Curtain up on comedy

George Street Playhouse presents Terrence McNally’s ‘It’s Only a Play’

3 minute read
There’s nothing like the polish and precision of a large comedy cast: the ensemble of ‘It’s Only a Play’ at George Street Playhouse. (Image courtesy of George Street Playhouse.)
There’s nothing like the polish and precision of a large comedy cast: the ensemble of ‘It’s Only a Play’ at George Street Playhouse. (Image courtesy of George Street Playhouse.)

Two years ago, George Street Playhouse finally opened its long-planned, state-of-the-art theatrical complex in downtown New Brunswick, New Jersey. Within months, the coronavirus pandemic shuttered the bustling hub indefinitely. The campus finally springs back to life with a filmed production of Terrence McNally’s It’s Only a Play, shot on stage and available to stream through July 4.

This is not the company’s first foray into online theater—they’ve tackled Fully Committed and Tiny Beautiful Things in recent months—but the polish and precision of gathering a large cast together for a quick-witted comedy cannot be overvalued. The work itself, a sometimes-barbed love letter to life in a theater, also feels like an ideal choice for this in-between moment where virtual productions still dominate as in-person theater creeps back into the conversation. The choice can also be viewed as a tribute to the beloved McNally, himself an early casualty of Covid-19.

A comedy of no manners

McNally updated the play, originally written in 1985, for a Broadway revival in 2014—and it appears to have been further revised, with the now-inevitable namedropping of Hamilton. Yet the action trades on timeless theatrical stereotypes, set against the backdrop of an opening-night party that quickly devolves into dizzying chaos. Amid the lush anteroom of a tony Manhattan townhouse—rendered with casual elegance by set designer David L. Arsenault—the action quickly spirals into a comedy of no manners, with enough knowing jokes to leave a theater-lover in tears of laughter.

The proceedings center on James Wicker (Zach Shaffer), a catty actor who traded Broadway for the easy money of television, but various other familiar types abound. They include Virginia Noyes, a terminally blotto leading lady (Julie Halston); Julia Budder, a dithering society matron who’s taking up producing (Christine Toy Johnson); Ira Drew, a rancorous critic who’s crashed the gate (Triney Sandoval); and Frank Finger, a holier-than-thou British director drunk on his own hype (Greg Cuellar, costumed to the hilt by Alejo Vietti).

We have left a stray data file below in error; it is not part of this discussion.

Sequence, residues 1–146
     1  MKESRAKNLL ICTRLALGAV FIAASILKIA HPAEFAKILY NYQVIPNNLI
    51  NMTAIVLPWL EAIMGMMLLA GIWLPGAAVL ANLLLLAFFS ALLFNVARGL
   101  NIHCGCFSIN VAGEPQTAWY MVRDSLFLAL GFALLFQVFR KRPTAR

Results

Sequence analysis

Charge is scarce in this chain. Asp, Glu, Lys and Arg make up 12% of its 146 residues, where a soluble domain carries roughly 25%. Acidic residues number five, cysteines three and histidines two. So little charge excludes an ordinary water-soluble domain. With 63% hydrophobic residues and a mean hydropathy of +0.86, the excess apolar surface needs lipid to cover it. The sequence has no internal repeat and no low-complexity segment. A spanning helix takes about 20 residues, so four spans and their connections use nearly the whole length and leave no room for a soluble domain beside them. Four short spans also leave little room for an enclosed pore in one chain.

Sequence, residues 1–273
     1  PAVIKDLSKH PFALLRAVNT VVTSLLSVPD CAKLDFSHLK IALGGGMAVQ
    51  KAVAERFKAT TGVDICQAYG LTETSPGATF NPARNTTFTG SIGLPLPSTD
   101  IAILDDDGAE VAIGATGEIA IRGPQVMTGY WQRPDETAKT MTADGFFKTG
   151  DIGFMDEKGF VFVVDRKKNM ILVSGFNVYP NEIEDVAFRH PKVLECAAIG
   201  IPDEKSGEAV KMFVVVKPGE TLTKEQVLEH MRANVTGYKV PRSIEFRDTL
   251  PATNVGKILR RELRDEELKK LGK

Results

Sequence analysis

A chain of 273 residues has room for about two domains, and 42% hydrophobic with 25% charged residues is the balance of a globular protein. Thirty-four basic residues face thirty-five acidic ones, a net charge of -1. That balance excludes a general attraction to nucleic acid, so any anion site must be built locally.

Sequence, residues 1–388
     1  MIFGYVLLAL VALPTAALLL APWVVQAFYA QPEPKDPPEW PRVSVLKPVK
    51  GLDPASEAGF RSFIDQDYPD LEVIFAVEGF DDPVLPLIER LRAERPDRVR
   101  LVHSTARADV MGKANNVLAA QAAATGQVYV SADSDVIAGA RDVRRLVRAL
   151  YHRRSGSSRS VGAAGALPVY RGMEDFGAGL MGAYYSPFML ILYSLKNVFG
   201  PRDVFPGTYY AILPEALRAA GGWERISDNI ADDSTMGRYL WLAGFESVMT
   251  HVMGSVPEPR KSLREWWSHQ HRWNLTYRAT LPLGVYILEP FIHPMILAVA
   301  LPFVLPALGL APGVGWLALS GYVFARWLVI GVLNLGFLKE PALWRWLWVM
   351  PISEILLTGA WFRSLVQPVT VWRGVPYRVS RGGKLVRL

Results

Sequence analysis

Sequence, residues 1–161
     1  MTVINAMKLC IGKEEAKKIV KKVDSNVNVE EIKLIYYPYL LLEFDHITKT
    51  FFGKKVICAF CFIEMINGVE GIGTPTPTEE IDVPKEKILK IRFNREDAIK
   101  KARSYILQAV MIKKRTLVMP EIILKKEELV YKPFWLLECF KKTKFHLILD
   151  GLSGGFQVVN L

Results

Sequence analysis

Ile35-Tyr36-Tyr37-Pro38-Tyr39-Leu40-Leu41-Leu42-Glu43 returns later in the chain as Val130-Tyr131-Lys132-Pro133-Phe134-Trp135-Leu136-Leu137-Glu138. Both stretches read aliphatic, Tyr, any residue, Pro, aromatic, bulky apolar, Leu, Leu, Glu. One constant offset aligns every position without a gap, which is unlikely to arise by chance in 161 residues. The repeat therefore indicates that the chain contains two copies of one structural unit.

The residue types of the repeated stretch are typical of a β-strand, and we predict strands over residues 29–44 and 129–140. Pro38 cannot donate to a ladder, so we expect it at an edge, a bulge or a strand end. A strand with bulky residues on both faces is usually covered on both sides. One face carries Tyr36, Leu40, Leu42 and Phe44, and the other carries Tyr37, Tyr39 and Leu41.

Over the course of two hours, they trade barbs and backstab, with occasional interruptions by Gus P. Head (the endearingly clueless Doug Harris), a green aspirant earning his keep as a cater waiter. McNally’s script is very inside baseball—if you don’t know the difference between Artaud and Brecht, perhaps consider something else—but the laughs land consistently, and even some of the more mean-spirited material sounds seductively appealing. (Of a particularly underwhelming performance, James cracks: “She was terrible. I haven’t seen a performance like that since her last one.” Who among us can’t relate?)

Mostly the middle

The material itself never truly rises above the parade of clever witticisms and twisted situations that make up a farce. Despite one character’s assertion that plays must have a beginning, middle, and end, this one is made up of mostly middle. But as far as middles go, it’s a thoroughly amusing one, especially once Andy Grotelueschen shows up as Peter Austin, a typically unbalanced playwright. Grotelueschen, a 2019 Tony nominee for Tootsie, offers a master class in preening neuroses.

The entire company is strong, although Sandoval somewhat overdoes the satisfied self-importance often associated with theater critics. (Maybe that’s just my bias speaking.) Johnson is winningly guileless as the wealthy novice, and Shaffer nicely suggests the hollowness behind James’s air-kissing Hollywood mien. Halston, a comedic powerhouse, barrels through her scenes with chaotic abandon; she captures perfectly the grande dames of Broadway’s yesteryear, and she seems to be having a great time doing it. Director Kevin Cahoon keeps the proceedings moving smoothly, but occasional issues with the videography persist—an out-of-sync vocal track here, a too-tight close-up there.

These little flaws remind you that while the actors were inside a theater, you are not. At least not yet. But as you laugh your way through It’s Only a Play, you’re left with no doubt the real deal waits just around the corner.

Image description: A scene from It’s Only a Play. Six actors in formal attire, inside a luxurious city apartment, face the camera with various expressions of shock, dismay, curiosity, and distaste.

What, When, Where

It’s Only a Play. By Terrence McNally. Directed by Kevin Cahoon. George Street Playhouse. Streaming on-demand through July 4, 2021. Tickets ($33 per household) can be purchased at

It’s Only a Play is closed-captioned. An audio-described version of the production is also available for purchase.

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